President Barack Obama’s handling of the Egyptian uprising demonstrates once again that America’s chief executive is definitely not a foreign-policy president. Appearing to be on the right side of history, as defined by today’s political correctness, proved to be more important to the president than national-security considerations.
What many fail to realize is that virtually all of America’s friends in the Middle East were deeply concerned by the administration’s handling of developments in Egypt, including both our Arab allies and Israel. None wanted the United States to throw Hosni Mubarak off a cliff, whatever his shortcomings. While many European governments shared Obama’s approach, they often defer to the reactions of their Muslim populations and have limited concern for Israel’s security. Revealingly, the revolt’s other cheerleaders were Iran, al-Qaeda and Hamas.
That Mubarak was a loyal ally of the United States is not in dispute. It was of course in Mubarak’s personal self-interest to be a loyal ally, but this is true for most superpower allies and doesn’t disqualify them from expecting a bit of empathy when their survival is on the line.
At almost every turn, from peace with Israel to supporting the first war against Iraq, cooperating against Muslim extremism and opposing Iran’s nuclear program, the Egyptian president strongly identified himself with American foreign-policy positions. In fact, this was one important reason—though certainly not the only one—that he was despised by many in his own country and needed to rely on authoritarian measures to stay in power. Moreover, despite its enthusiastic embrace of the “freedom agenda,” the Bush administration was fully prepared—morally and otherwise—to make use of Egypt’s repressive machinery, reportedly surrendering terrorism suspects via rendition for interrogation, including torture. More recently, Mr. Obama warmly kissed Mr. Mubarak on both cheeks when he visited Cairo less than two years ago—and the Egyptian leader's conduct had hardly changed between 2009's kisses and 2011's kick. International politics frequently presents ugly choices and sometimes it is impossible to avoid throwing friends under the wheels of history. But displaying visible pleasure about it the way that President Obama did suggests both a lack of strategic clarity and a serious moral flaw.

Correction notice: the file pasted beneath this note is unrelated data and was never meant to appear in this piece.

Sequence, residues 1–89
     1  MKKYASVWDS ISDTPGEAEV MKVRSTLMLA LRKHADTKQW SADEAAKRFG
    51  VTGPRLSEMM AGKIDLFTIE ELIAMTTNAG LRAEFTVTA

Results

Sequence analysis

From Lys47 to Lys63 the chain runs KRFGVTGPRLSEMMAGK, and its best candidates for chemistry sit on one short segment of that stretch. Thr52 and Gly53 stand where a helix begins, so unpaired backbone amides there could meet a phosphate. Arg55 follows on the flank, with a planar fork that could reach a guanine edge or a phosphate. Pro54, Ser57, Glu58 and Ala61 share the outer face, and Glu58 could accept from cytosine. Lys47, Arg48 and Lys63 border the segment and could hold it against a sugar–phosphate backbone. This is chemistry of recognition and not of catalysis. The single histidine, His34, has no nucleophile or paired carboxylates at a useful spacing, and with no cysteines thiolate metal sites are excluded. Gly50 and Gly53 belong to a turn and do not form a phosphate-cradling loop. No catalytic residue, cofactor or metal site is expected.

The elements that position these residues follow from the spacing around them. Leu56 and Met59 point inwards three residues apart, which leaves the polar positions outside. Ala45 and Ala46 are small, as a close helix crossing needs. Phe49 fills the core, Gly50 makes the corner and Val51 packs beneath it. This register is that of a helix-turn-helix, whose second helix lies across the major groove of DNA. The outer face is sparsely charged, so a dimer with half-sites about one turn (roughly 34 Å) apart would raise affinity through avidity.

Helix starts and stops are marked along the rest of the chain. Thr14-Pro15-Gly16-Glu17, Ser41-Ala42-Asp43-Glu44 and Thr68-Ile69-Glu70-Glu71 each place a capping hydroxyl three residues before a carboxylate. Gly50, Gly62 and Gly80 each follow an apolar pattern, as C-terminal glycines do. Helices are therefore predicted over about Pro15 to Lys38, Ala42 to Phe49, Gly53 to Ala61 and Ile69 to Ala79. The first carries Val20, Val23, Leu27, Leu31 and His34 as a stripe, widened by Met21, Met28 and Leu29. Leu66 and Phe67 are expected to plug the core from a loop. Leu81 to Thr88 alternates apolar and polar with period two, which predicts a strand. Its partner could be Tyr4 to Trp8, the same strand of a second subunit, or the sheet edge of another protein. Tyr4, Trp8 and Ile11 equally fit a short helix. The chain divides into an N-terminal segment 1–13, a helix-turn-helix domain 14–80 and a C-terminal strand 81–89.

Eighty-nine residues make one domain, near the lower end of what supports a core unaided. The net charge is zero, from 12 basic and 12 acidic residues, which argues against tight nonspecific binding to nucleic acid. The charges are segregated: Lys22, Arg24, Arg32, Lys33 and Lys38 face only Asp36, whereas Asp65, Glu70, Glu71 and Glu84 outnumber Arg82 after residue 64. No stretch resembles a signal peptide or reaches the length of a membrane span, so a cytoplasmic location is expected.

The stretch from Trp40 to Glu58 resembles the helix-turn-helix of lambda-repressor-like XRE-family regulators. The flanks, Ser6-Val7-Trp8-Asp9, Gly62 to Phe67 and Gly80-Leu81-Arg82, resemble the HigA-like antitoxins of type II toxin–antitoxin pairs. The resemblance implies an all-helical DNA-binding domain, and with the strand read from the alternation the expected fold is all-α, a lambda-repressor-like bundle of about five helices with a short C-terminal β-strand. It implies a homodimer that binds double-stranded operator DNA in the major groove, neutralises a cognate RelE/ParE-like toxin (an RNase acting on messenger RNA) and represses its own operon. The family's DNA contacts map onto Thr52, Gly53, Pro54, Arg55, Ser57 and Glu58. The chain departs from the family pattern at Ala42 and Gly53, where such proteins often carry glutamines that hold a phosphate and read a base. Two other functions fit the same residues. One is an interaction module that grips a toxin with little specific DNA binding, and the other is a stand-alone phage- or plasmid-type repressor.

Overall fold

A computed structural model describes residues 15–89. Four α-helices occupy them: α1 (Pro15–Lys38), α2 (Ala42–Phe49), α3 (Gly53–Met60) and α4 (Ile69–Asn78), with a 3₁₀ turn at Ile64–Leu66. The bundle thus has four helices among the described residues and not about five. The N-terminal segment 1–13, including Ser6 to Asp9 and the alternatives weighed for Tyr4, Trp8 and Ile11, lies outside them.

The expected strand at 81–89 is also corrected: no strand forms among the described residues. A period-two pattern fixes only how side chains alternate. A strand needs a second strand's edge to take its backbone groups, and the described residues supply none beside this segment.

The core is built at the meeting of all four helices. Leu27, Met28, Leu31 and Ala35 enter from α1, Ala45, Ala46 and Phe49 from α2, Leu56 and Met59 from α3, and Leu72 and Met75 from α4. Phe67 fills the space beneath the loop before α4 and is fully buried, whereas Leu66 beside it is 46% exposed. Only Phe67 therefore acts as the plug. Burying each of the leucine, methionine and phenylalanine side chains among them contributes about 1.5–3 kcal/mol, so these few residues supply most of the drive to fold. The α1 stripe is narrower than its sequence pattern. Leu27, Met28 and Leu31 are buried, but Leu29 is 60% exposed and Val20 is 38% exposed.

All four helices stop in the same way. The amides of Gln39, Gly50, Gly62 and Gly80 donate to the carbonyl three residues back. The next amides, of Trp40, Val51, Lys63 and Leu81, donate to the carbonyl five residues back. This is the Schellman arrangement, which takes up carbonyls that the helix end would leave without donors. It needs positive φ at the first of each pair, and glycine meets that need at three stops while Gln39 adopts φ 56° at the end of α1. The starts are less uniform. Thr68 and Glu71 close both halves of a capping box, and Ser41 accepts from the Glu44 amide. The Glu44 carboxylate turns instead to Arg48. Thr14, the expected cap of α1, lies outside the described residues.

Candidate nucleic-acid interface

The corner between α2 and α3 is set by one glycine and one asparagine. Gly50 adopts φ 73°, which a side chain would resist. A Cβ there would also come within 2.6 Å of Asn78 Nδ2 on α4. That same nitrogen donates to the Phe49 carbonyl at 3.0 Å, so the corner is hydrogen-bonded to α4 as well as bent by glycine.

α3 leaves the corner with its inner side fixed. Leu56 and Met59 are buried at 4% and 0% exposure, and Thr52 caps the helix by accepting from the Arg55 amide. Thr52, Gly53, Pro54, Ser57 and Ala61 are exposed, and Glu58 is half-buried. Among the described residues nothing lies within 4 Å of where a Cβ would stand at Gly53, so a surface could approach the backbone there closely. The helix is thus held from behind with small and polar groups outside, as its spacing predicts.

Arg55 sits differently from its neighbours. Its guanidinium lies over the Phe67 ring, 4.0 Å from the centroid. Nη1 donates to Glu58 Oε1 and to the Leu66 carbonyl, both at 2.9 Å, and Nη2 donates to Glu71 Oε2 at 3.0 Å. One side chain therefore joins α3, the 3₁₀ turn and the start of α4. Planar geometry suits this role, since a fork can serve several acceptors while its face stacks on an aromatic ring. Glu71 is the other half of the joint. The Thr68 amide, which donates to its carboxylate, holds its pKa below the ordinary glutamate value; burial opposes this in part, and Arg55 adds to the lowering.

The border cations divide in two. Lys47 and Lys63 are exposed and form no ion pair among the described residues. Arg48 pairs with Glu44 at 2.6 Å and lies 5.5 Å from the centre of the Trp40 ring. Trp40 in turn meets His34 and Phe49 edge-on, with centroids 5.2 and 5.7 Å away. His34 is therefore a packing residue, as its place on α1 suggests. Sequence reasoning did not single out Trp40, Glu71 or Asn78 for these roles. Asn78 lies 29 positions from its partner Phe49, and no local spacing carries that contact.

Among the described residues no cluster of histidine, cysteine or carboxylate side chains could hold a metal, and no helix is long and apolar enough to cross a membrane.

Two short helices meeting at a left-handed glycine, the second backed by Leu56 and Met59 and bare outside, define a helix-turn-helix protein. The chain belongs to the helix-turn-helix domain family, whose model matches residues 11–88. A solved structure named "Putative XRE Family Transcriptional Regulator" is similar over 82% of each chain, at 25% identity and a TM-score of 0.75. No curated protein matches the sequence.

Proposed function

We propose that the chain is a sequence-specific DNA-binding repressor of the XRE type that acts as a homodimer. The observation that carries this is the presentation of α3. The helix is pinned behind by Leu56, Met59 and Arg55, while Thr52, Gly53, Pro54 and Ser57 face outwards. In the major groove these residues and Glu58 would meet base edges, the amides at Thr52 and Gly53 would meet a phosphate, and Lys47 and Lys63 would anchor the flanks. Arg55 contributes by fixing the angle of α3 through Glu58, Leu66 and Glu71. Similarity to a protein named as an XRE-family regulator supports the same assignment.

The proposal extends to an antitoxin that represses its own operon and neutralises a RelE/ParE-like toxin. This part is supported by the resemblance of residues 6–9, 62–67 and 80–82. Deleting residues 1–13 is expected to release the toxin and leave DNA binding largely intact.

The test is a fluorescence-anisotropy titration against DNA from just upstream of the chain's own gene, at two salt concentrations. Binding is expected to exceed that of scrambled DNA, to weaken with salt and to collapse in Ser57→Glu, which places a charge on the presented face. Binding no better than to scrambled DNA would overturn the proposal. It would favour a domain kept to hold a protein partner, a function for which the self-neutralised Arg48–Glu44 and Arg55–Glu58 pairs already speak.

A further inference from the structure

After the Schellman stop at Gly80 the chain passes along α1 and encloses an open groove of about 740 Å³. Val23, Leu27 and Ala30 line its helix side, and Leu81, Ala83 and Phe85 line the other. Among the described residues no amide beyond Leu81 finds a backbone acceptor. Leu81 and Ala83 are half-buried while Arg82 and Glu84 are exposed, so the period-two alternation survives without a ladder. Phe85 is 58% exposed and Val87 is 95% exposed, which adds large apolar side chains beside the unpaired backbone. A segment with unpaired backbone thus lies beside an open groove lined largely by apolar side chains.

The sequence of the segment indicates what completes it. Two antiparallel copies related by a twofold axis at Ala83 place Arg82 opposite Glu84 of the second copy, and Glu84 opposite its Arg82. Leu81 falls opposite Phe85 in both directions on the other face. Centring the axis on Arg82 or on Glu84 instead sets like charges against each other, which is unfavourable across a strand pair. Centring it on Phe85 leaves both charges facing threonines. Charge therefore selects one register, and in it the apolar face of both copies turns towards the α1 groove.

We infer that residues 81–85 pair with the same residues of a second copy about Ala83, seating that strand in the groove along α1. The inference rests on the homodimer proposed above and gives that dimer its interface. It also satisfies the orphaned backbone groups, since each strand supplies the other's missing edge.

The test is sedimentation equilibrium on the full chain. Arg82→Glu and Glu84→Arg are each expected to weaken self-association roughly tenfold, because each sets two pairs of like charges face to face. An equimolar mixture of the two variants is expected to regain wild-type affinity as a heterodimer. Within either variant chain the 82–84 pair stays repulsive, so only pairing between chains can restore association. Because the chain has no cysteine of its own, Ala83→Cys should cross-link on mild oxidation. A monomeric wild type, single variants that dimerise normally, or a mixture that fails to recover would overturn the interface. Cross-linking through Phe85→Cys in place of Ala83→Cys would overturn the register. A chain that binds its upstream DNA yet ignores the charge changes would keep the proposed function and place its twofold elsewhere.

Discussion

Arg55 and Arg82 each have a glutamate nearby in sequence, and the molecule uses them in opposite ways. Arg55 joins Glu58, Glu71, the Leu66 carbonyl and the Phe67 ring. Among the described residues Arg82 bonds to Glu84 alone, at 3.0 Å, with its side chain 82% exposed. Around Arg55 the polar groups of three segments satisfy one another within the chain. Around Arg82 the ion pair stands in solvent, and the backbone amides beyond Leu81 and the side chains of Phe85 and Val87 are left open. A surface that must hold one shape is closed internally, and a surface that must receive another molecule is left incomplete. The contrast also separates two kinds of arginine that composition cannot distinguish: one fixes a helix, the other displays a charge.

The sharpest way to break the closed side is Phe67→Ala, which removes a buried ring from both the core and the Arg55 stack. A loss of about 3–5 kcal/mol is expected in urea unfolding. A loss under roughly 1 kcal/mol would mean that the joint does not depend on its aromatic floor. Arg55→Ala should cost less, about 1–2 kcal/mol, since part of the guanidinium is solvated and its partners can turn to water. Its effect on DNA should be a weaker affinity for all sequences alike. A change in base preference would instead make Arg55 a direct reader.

In fairness, Mr. Obama had plenty of company in the United States among politicians and commentators alike. The mainstream media covered Egypt’s upheaval as a cross between a soap opera and a morality play. Little consideration was given to the fact that the protests were not entirely peaceful, something made clear when government buildings were set on fire, dozens of police officers were wounded or killed, and the army, which was not trained in crowd control, was called in to replace overwhelmed police forces in the streets. It was precisely the government’s restraint in using force during the uprising’s initial stages that emboldened the opposition and led to Mubarak’s undoing.
Unschooled in history and swept up in uncontrolled excitement, many journalists began to make misleading comparisons with Central European revolutions of 1989. But those revolutions were directed against client regimes of a rival superpower, the Soviet Union. Because these regimes were hostile to America and a product of foreign domination, there was every geopolitical and moral reason to support the protestors. Also, being vocally and reliably pro-Western, the Central Europeans and their genuinely peaceful revolutions were no-brainers in deserving American support. In contrast, current unrest in the Middle East has so far been directed primarily against moderate pro-Western governments, not American opponents. And its outcome is far from clear.